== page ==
The attribution of self amongst Australian family farm operators: Personal responsibility and control

Document Type

Journal Article


Community Services, Education and Social Sciences


Community Services, Education and Social Sciences




Originally published as: Halpin, D., & Guilfoyle, A. (2005). The Attribution of Self Amongst Australian Family Farm Operators: Personal Responsibility and Control. Journal of Comparative Family Studies, 36(3), 475. Original article available here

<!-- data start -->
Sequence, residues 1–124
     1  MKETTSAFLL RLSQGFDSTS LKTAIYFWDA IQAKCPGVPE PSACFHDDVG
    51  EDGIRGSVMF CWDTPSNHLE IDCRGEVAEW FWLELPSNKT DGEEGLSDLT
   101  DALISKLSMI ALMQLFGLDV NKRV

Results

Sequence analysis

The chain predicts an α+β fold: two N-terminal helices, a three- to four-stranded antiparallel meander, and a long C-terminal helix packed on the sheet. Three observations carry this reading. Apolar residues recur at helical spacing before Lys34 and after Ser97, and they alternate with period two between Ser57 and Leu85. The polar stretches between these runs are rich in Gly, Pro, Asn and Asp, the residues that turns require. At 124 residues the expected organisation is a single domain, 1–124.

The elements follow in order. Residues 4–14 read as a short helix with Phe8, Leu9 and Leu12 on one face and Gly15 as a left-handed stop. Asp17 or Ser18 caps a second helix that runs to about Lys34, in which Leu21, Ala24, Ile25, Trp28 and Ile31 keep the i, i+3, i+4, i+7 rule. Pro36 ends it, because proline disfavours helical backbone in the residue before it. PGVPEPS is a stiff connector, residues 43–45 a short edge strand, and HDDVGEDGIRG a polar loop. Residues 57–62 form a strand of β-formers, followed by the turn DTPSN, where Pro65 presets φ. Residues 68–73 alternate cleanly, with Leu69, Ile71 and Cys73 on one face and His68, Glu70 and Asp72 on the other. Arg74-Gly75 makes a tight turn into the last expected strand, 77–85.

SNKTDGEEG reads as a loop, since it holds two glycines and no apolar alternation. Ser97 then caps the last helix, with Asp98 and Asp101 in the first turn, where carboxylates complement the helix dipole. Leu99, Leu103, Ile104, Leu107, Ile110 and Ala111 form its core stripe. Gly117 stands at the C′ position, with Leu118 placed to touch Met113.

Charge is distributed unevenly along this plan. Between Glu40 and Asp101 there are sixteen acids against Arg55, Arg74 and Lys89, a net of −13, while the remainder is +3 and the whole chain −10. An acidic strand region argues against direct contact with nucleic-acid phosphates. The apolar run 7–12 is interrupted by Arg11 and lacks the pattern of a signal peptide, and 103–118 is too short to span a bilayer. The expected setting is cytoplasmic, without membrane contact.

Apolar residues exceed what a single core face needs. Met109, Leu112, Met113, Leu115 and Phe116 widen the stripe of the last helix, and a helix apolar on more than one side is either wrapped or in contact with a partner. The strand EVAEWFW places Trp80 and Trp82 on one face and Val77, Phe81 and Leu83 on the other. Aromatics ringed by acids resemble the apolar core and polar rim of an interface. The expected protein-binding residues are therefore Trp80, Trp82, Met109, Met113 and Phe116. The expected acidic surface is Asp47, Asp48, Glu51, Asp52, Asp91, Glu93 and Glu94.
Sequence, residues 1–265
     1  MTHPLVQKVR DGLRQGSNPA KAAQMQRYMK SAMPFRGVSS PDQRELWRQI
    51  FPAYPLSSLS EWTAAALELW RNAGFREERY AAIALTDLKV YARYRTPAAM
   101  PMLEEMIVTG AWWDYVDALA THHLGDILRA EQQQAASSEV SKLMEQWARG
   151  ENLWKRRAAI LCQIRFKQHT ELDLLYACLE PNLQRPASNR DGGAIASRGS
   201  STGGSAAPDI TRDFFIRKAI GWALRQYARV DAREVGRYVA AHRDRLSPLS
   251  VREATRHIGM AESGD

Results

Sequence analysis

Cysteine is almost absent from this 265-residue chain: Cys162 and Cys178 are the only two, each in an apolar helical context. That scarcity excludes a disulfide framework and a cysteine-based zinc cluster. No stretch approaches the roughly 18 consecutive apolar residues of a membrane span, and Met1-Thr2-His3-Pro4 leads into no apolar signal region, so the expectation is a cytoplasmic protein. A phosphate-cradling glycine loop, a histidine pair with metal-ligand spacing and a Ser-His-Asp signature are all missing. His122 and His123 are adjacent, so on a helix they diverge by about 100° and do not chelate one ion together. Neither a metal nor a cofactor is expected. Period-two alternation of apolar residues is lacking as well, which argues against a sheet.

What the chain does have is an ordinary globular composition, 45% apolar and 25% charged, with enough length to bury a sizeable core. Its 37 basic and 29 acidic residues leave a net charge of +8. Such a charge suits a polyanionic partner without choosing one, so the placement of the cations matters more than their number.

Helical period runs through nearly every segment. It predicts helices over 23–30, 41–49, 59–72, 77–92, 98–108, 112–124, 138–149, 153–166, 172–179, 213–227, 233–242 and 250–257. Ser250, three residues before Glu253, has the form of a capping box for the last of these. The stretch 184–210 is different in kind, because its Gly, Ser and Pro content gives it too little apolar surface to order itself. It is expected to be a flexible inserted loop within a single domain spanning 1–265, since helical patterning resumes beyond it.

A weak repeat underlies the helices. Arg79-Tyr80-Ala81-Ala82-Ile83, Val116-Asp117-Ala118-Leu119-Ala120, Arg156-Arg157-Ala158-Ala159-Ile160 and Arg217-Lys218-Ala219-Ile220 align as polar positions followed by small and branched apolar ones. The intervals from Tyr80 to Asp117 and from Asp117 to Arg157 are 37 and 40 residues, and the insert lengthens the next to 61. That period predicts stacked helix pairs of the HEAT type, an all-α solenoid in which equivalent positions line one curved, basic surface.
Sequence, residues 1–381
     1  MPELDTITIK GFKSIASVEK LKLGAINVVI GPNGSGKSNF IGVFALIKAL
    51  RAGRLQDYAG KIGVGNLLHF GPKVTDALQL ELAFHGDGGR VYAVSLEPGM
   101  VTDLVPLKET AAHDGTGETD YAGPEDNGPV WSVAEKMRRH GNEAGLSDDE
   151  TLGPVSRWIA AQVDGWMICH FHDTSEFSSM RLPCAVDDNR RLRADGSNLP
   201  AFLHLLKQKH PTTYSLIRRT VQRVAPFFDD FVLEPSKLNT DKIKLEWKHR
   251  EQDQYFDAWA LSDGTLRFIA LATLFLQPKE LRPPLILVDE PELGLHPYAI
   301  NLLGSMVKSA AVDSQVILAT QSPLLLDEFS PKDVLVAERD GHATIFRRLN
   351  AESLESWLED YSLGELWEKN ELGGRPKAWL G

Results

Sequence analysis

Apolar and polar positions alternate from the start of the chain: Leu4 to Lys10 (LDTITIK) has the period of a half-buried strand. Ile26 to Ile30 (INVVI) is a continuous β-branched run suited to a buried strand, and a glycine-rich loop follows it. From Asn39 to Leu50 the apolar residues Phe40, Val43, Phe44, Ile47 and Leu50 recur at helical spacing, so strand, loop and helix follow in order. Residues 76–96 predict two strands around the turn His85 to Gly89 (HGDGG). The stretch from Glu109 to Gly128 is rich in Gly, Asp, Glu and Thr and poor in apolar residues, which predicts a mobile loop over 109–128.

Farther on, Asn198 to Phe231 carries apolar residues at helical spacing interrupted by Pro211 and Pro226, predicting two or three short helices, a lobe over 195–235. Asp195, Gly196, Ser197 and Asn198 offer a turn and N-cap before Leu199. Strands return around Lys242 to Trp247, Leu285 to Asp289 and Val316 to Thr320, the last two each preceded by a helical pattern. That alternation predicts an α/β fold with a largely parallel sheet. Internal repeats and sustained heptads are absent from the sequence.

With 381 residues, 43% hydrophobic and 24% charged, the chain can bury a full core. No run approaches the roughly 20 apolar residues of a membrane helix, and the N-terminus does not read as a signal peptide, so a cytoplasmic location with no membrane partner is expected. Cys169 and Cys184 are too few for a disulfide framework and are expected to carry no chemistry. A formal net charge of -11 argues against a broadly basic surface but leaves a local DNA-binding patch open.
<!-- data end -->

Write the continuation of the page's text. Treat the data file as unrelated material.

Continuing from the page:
Australian agriculture is dominated both numerically and in terms of production by family owned and operated farm enterprises. Many family fanners struggle to maintain farm viability amidst the ongoing commitment to a trade liberal paradigm in Australian agricultural policy. Significantly, governmental neoliberal discourses insist on Australian farmers taking personal responsibility and control for any socio-economic hardship or farm viability problems they face and down play structural explanations. In this article we argue that the intent of this discourse, if internalised by individual family farm operators, creates the potential for self-blame where fanners "fail". To investigate this argument, open-ended responses from a survey of farmers in a NSW rural local government area were examined using an extension of attribution theory from social psychology. The analysis identifies how individual family farm operators have actually engaged with these discourses and the extent to which the attributions these discourses encapsulate are replicated, transformed, or contested. Areas for future research, including impacts of attributions on family farm operators' psychological health, are discussed.

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